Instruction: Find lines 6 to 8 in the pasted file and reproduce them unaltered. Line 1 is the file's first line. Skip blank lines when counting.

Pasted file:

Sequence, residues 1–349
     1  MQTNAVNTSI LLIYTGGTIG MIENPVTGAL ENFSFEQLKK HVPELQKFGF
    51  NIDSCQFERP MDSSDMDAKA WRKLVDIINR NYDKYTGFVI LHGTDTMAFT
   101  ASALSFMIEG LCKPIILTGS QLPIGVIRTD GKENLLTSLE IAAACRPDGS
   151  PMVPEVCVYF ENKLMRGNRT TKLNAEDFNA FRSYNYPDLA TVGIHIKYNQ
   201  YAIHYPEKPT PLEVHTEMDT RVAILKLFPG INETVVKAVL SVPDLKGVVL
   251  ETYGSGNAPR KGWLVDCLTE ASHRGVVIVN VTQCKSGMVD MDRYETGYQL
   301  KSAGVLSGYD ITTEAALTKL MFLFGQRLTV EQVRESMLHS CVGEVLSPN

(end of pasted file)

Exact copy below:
   201  YAIHYPEKPT PLEVHTEMDT RVAILKLFPG INETVVKAVL SVPDLKGVVL
   251  ETYGSGNAPR KGWLVDCLTE ASHRGVVIVN VTQCKSGMVD MDRYETGYQL
   301  KSAGVLSGYD ITTEAALTKL MFLFGQRLTV EQVRESMLHS CVGEVLSPN